Ag Innovations receives $100,000 grant from PG&E to conduct Innovation Labs around forests, fire in Lake Sonoma
Aerial view of Lake Sonoma
- Sonoma County Water Agency
On November 29, 2017, Ag Innovations was awarded the Better Together Resilient Communities grant through PG&E , providing $100,000 to examine new ways of managing forest and watershed land to prevent wildfires. We will partner with the Sonoma County Water Agency to bring together public agencies, private landowners, tribes, scientists, and forestry experts to develop collaborative solutions for managing vegetation in the Lake Sonoma Watershed, a critical source of water for more than 600,000 people. This project will develop solutions that improve erosion and wildfire management while protecting the local water supply and forest health.
We are excited to have an opportunity to work in our home county, and build our experience with rural communities, agricultural communities, and watershed resiliency. We wrote the grant in May 2017, and this became an even more poignant endeavor after the October 2017 firestorms in Sonoma County and beyond. We are grateful for an opportunity to support preventative action that will cultivate a resilient future for Sonoma County.
Here's an excerpt from the grant proposal:
Wildfire in Sonoma and Mendocino counties presents an enormous hazard to the very foundation of human, animal, and environmental life. In addition to immediate threats to life, limb, and property, it presents an alarming affront to water supply and storage for over 600,000 users in Sonoma, Mendocino and Marin counties through post-fire erosion and increased sedimentation. Climate change is only increasing our vulnerability through drier soil conditions, warmer summers, and a flush of woody vegetation in 2017. Almost without saying these wildfires also have enormous impacts on air quality and greenhouse gas emissions, and studies have shown that with effective fuel treatment, wildfires can decrease up to 75% and bring other environmental benefits.
The Lake Sonoma Watershed (LSRA) exhibits a high fuel load, presents a very high risk of landslides, and is in dire need of wildfire prevention planning and action. A stand-replacing wildfire could result in catastrophic post-fire sedimentation and/or landslides into Lake Sonoma that would threaten the water supply, infrastructure, quality, and forest health of the critical Russian River Watershed. High priority, climate resilient management strategies would help achieve several co-beneficial goals, including, building fire and drought resiliency, improving existing carbon stocks and capacity for long-term carbon storage, utilizing biomass for bioenergy and soil carbon enhancements, ensuring watershed health and wildlife habitat, and protecting water quality and supply in Lake Sonoma.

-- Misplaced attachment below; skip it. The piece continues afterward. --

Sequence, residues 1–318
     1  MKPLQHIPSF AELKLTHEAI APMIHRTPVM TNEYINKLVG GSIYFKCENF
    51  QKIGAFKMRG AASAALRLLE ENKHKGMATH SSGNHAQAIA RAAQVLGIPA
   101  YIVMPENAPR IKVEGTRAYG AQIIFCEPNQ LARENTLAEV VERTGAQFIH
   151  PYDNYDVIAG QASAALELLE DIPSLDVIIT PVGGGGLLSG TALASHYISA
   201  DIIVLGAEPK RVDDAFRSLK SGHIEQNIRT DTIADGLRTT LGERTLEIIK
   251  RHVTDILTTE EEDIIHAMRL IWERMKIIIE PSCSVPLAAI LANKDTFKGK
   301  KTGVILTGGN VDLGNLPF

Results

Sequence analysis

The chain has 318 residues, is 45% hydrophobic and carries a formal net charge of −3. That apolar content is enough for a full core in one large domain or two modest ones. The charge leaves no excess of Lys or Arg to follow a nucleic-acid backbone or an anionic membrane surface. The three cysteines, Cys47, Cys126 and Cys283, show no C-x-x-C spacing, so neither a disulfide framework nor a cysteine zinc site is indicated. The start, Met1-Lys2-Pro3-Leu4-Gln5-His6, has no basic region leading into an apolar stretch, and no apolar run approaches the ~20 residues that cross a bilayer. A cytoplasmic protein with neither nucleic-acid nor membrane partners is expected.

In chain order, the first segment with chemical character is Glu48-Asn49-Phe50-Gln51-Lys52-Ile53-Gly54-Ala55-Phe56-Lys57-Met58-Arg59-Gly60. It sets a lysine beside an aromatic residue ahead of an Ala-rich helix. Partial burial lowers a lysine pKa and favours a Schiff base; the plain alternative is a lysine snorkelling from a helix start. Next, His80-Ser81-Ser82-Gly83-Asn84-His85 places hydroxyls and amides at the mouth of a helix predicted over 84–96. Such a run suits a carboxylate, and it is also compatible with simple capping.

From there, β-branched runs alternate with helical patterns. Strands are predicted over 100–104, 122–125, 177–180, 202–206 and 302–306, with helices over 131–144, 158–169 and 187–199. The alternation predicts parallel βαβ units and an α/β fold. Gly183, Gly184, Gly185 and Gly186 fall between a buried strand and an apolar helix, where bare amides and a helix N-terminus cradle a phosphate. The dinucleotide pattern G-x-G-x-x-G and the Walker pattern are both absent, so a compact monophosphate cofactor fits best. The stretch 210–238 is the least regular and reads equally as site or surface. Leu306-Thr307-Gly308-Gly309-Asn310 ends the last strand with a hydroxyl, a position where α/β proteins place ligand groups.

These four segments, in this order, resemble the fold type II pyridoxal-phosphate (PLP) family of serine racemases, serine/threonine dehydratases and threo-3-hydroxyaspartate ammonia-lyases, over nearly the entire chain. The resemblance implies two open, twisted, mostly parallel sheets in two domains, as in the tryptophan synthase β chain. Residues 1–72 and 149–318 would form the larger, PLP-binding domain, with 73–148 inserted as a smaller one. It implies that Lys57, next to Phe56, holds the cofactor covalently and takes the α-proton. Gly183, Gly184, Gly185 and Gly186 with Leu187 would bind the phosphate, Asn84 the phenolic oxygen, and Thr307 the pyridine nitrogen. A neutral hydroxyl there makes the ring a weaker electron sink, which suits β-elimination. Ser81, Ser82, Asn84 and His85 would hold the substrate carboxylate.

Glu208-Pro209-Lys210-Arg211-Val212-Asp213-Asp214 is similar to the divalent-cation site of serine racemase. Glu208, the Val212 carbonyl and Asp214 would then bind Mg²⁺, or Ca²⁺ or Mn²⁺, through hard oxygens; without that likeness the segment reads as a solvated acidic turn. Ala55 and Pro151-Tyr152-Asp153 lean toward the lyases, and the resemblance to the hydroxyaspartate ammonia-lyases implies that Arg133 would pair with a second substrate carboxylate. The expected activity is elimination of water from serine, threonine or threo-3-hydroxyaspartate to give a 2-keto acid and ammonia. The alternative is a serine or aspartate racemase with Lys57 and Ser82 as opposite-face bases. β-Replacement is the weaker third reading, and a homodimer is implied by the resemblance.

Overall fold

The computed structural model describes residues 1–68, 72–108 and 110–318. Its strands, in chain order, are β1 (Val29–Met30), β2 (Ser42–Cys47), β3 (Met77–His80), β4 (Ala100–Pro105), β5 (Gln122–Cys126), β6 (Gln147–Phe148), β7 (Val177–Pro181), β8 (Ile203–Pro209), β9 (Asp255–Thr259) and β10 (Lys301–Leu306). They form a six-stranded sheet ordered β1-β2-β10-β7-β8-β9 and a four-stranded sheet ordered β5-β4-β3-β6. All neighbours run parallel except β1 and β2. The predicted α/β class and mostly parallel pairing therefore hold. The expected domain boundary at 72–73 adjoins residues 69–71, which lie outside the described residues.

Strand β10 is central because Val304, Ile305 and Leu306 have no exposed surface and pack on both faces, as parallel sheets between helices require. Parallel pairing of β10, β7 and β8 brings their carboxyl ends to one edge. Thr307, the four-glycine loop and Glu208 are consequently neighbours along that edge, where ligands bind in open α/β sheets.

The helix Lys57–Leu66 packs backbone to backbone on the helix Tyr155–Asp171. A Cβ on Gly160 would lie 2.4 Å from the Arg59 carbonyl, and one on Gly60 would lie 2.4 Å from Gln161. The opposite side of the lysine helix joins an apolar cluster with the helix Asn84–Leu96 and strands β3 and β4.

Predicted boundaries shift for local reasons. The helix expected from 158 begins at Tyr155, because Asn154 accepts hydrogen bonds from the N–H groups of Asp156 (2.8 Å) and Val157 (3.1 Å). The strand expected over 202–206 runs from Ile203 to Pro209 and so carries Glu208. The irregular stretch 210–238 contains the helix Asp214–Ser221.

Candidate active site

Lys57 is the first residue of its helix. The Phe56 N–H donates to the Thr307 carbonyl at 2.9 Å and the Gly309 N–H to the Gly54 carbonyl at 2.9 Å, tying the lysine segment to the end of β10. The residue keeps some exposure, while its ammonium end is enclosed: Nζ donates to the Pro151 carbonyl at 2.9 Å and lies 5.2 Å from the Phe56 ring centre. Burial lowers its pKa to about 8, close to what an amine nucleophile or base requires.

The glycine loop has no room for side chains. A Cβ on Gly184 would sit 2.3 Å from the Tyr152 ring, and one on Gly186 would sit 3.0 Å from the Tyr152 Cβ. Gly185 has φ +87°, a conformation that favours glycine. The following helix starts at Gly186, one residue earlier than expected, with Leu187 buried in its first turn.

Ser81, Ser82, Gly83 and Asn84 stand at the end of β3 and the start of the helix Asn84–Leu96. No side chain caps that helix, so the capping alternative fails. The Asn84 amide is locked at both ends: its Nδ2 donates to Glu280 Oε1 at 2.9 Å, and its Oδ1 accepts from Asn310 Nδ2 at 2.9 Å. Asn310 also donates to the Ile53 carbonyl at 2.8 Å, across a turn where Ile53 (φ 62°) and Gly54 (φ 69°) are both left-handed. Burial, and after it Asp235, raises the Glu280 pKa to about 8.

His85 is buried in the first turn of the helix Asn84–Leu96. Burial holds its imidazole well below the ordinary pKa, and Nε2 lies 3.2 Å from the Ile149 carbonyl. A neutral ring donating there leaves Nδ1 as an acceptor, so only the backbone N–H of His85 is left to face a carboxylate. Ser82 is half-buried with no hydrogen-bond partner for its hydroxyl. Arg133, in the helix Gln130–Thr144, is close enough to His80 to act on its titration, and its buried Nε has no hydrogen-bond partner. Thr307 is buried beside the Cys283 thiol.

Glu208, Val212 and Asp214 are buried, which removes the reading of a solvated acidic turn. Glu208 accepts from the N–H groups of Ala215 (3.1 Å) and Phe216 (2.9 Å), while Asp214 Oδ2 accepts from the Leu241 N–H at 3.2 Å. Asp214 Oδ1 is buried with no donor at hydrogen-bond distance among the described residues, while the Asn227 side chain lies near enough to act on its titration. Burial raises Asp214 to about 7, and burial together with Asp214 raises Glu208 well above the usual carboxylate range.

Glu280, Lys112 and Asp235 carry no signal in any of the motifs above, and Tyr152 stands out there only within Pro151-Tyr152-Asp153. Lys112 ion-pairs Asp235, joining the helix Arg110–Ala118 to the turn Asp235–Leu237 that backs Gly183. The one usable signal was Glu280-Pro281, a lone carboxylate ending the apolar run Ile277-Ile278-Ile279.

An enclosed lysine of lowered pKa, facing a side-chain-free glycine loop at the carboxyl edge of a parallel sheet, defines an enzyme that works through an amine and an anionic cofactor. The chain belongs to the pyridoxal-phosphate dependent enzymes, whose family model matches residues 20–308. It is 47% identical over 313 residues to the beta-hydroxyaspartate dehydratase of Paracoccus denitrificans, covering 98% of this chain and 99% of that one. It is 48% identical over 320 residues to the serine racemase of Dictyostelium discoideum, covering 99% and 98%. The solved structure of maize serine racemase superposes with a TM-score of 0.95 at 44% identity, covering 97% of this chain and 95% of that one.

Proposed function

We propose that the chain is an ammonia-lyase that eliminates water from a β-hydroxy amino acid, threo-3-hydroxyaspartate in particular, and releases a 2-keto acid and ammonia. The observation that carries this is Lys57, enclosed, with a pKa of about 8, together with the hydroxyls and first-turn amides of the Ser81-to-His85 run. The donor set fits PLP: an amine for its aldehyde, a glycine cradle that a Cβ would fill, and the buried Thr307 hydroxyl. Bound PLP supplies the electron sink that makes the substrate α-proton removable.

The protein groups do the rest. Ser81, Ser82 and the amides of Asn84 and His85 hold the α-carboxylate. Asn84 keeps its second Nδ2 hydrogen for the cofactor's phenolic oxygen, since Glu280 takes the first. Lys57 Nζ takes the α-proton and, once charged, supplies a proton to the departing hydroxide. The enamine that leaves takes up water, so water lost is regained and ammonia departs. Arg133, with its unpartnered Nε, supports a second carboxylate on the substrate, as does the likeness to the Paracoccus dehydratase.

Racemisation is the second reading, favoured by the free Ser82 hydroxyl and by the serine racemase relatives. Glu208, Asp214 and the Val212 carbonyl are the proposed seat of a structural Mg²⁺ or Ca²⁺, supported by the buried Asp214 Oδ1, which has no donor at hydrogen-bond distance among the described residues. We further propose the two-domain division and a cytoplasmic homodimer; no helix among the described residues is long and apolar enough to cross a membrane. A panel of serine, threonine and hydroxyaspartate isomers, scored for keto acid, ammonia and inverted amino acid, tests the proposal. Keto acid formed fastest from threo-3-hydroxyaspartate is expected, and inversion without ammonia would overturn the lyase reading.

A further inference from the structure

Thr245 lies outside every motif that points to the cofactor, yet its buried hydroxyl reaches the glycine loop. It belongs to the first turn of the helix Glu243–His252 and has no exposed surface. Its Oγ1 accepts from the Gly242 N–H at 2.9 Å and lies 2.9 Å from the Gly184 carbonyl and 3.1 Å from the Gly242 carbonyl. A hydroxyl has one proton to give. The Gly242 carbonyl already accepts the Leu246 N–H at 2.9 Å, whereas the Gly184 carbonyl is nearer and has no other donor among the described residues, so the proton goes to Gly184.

There is a need to bring together public agencies, private landowners, tribes, scientists, and technologists to develop strategic recommendations and collaborative tactical solutions for managing vegetation before the North Coast region sees additional devastation like the 2015 Lake County Valley Fire. Solutions range from science-based prescriptive burns to innovative market-based solutions.
Read the full press release below, and contact email@example.com if you would like to be kept informed of the projects progress over 2018.
More posts about: Working Lands
- Systems Thinking for Intractable Problems: From Problem-Solving to Emergence-Seeking
- From Forests to Farms: a Learning Journey with California Water Action Collaborative (CWAC)
- When Water Works with Fire: FireSmart Lake Sonoma
- Firesmart Lake Sonoma Community Workshops
- Creating a Movement
- Changes At Ag Innovations
- Cultivating California’s Bioeconomy: Turning Ag Waste Into Profit
- CRAE Summit: 4 Opportunities for Preserving and Enhancing California’s Working Lands
- CRAE Summit: New Perspectives on How Working Lands Work
- 5 Key Strategies to CRAE Success
- The Drought Blame Game
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